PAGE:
STAFFORD'S Hospital boss said challenges highlighted by a report labelling the trust unsustainable were being felt by hospitals all over the country.
Chief executive Lyn Hill-Tout said today's formal acknowledgement of the assessment first made in December last year that the trust was clinically and financially unsustainable was a conclusion the executive board had already reached.
"Mid Stafford NHS Foundation Trust is not financially sustainable in its current form because, despite all the efforts not only of the trust but of the local health service, we do not have a plan which brings us to financial break even by 2015," she said. "Similar financial challenges are being faced across the country by smaller general hospitals.
"This is because medicine has and will continue to become more specialised and smaller hospitals cannot attract or resource the specialist teams and infrastructure required to maintain such services."
She said although specialist services could not be provided in every hospital it was vital communities were able to access specialist care.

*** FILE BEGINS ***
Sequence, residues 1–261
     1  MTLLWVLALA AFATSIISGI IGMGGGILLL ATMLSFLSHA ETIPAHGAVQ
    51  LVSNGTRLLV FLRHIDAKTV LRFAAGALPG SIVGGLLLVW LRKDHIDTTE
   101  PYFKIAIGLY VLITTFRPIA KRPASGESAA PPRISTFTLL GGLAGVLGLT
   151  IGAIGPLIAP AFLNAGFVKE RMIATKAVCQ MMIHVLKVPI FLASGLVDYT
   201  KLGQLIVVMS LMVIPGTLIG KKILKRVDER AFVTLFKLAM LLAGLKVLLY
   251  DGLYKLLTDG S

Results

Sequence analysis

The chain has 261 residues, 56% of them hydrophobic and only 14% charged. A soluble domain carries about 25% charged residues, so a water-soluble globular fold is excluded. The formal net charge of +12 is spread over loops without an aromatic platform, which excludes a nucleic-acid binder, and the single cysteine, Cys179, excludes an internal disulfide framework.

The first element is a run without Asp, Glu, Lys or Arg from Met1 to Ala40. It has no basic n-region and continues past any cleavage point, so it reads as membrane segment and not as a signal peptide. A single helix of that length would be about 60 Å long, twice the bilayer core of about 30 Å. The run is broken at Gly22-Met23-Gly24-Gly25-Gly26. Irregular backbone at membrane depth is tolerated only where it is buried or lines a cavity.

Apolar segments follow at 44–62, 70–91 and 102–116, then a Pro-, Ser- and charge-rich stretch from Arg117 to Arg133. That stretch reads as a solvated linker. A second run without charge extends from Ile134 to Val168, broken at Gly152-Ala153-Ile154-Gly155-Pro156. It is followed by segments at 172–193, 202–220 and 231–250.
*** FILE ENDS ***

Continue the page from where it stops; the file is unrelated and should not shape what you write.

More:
"One solution is to network (that is share) services with larger, specialist hospitals, which is something Mid Staffs has already begun to do successfully," she said.
She said she was pleased the report by Monitor had been thorough and detailed and had confirmed the trust was operationally sustainable and had demonstrated that over the last two years through consistently low mortality rates and low infection rates.
"The Care Quality Commission recognised the improvements by lifting all concerns about the trust in July 2012," she said. "We are now also achieving other nationally recognised targets which are so important to patients such as being seen and treated quickly for cancer and not having to wait more than 18 weeks from the time patients are referred by their GP to seeing a consultant. "
She said the trust was consistently achieving national targets for treating patients within four hours of arrival at A&E and that feedback showed these improvements were making a big difference to patients who attended the hospital.
"We are pleased this aspect of the trust has been assessed so positively and is a reflection of the sustained, hard work of our staff in improving the services provided to our patients."
She said the board had opened discussions with Monitor early last year after realising the trust was not clinically of financially sustainable, which led to the regulator setting up the review of the trust using powers under the Health and Social Care Act.